My Brother's War -- Off to Iraq Without the Yellow Ribbons

New America Media, Commentary, David Madrid, Mar 28, 2006

Editor's Note: What is it like to send a loved one off to an increasingly unpopular war? David Madrid, 28, is a writer for Silicon Valley De-Bug, a project of New America Media.

SAN JOSE, Calif.--Early this morning I watched my big brother, a staff sergeant in the Marines, kiss his wife and two young sons goodbye and board a bus leaving Camp Pendelton, beginning his journey to the Middle East.

The war in Iraq has been going on for more than a year now, and today it's just tragedy and scandal that make the headline news. Politicians who once supported the war now question our involvement in Iraq. My brother is stepping into a war that is now thought to be without glory or heroism.

To the average American civilian, the war in Iraq might feel played out by now. But for me and many other Americans with loved ones in the military, this war remains all too real.

I personally don't believe that the United States has any legitimate reason for its involvement in the Middle East, but at the same time I'm proud of my brother for serving our country. I support my brother (and the troops) even if I do not support the war.

My brother has been in the Corps for about 15 years now. He originally enlisted as a troublesome 17-year-old boy. Now he is a 32-year-old family man. His story is not the "The Few, The Proud, The Marines" commercial of optimistic patriotism, but rather a way to escape the violence of the streets and gain some kind of economic stability. He is also fulfilling a family tradition -- my family has had a member in every war since World War II.

Most of my brother's work in the military has involved bringing in new recruits, and working with new Marines in boot camp stateside. He's been overseas before on training missions and defending U.S interests, but he's never gone to war before. He finally got his orders late last year, and now he's off to do a seven-month tour.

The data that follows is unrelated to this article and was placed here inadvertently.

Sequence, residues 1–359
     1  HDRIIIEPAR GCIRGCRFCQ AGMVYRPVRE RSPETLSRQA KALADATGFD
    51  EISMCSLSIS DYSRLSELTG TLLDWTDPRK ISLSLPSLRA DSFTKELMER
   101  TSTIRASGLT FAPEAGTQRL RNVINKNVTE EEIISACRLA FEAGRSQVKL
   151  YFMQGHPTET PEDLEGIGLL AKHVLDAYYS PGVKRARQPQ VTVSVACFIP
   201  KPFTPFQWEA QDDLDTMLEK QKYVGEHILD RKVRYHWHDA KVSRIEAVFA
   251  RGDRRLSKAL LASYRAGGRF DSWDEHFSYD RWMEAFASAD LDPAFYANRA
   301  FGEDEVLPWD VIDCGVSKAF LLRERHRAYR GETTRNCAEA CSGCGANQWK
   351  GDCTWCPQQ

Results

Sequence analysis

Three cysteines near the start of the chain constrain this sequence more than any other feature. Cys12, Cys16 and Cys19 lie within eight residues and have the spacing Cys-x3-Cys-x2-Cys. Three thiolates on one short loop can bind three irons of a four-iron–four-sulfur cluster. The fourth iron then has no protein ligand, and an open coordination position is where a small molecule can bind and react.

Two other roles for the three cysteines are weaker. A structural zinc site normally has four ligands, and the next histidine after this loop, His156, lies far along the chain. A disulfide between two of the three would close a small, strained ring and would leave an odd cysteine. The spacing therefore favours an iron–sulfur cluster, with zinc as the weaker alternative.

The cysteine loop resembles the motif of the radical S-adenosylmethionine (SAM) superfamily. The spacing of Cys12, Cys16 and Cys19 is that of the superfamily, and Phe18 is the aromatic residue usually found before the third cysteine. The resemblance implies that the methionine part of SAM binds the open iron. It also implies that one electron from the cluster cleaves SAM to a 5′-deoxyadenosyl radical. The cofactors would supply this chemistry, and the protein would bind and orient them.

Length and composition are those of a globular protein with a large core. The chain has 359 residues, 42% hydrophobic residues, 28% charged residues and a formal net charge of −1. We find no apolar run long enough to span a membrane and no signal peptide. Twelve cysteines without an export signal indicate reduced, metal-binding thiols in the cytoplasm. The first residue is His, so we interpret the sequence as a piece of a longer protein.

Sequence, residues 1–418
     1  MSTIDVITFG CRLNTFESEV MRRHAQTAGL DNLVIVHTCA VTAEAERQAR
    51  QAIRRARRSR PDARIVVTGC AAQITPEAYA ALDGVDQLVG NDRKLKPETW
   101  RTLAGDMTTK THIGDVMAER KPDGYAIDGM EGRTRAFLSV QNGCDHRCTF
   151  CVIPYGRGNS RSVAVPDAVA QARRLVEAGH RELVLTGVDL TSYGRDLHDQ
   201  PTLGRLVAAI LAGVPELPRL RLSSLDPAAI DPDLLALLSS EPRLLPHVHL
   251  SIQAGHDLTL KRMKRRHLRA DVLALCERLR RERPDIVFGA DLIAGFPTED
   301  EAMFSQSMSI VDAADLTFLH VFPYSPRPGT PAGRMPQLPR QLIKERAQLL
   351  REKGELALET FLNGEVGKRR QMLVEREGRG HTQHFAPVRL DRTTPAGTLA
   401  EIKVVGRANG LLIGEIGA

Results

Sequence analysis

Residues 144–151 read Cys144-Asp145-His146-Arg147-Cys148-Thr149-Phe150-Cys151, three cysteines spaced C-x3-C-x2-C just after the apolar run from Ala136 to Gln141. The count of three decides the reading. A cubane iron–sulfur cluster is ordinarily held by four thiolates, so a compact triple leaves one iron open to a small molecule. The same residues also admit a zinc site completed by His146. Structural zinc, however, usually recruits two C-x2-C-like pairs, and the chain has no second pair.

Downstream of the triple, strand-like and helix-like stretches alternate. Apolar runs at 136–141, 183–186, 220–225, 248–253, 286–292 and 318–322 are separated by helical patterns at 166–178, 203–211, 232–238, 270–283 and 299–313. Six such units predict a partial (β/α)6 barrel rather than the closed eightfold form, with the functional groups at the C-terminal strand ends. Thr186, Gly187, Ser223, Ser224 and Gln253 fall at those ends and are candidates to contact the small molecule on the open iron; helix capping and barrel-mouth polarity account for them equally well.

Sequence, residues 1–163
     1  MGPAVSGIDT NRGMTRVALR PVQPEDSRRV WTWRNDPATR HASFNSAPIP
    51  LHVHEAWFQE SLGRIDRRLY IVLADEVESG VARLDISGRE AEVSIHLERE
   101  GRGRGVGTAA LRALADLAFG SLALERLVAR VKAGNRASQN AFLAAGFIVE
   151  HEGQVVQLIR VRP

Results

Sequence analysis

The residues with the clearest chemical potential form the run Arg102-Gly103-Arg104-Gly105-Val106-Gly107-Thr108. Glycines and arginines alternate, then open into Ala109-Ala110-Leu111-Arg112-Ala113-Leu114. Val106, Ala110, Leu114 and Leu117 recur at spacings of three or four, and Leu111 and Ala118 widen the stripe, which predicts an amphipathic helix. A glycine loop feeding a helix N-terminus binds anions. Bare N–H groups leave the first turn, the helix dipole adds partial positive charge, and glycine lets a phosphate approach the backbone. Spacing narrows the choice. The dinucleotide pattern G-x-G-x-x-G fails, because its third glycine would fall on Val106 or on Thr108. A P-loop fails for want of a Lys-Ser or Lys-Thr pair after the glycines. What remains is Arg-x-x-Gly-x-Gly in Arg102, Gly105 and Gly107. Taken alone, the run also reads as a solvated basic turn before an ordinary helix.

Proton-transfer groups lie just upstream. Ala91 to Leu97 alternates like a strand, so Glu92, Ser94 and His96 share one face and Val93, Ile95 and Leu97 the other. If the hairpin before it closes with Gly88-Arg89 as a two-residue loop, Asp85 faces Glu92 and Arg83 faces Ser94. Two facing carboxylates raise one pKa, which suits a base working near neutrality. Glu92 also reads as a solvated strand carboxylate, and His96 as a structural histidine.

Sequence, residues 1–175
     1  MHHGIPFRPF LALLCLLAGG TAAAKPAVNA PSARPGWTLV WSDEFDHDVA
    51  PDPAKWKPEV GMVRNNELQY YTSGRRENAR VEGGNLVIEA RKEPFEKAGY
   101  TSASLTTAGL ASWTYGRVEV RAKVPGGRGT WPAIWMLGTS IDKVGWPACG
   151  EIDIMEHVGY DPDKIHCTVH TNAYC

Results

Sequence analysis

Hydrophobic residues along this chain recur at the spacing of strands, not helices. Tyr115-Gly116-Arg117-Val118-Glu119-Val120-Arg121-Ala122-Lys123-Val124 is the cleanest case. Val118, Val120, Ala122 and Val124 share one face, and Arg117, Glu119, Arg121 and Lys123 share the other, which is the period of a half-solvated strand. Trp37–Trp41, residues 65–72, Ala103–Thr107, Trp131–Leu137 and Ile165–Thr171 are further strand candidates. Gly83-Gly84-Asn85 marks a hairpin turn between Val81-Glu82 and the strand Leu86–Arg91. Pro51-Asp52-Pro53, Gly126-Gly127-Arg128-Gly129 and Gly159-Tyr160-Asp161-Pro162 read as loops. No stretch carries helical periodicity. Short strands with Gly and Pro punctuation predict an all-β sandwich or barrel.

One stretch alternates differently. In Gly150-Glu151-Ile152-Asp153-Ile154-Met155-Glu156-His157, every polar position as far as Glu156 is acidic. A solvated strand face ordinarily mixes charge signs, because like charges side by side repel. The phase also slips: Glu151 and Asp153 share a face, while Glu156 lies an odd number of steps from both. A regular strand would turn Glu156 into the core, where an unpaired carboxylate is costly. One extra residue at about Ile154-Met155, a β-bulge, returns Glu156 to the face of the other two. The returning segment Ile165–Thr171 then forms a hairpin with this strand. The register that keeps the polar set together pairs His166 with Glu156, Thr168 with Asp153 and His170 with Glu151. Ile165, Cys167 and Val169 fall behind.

As a youngster growing up on the east side of San Jose in the early 1990s, my brother found himself getting into trouble, being locked up for months in juvenile hall and falling deeper into the gang lifestyle. He had friends getting killed and catching cases for murder and other major crimes. But he was growing and changing as a person, and he wanted more out of life then what was before him. So he walked into the recruiting office over on McKee and Jackson. The Marines were his ticket to a new life, and a way to see the world.

For a lot of youths growing up in violent communities, most of whom can't afford college, the military seems like a way out, even during times of war. I recently had a conversation with a young man who is incarcerated and is interested in joining the Marines. When I asked him why, given the reports of violence, he said, "What the hell, it's just like trading in one war for another."

Standing out there early in the morning in a dirt field in Southern California, watching my big bro and all the young Marines say goodbye to their loved ones, it made me think about who is really out there fighting in Iraq. When I'm at home watching the 10 o'clock news, I always hear about "the troops" and see clips of faceless trained killing machines. I don't really think of them as individuals.

But here on the base, I can see that the troops are no different than any other young person I see at Eastridge Mall -- young guys looking out for chicks and joking around with their buddies. They roll up bumping Tupac from their cars, ready for deployment. I don't mean to take away from the training and discipline that these young men and women have, but at the end of the day, a lot of them are no different than twenty-somethings here at home, except they have a greater responsibility and a tougher job.

The vibe out here is a sea of mixed emotions as family members say goodbye to their loved ones with lumps in their throats, proud and yet scared that this may be the last time they see them. The young troops seem more anxious than nervous as they board the buses, beginning their journey to Iraq.

I walk over to my big brother. I can see in his eyes that it's hard for him to say goodbye to his family. He doesn't want to leave his wife and kids, but it is something he has to do. "Be safe" I tell him as I hug him and say goodbye.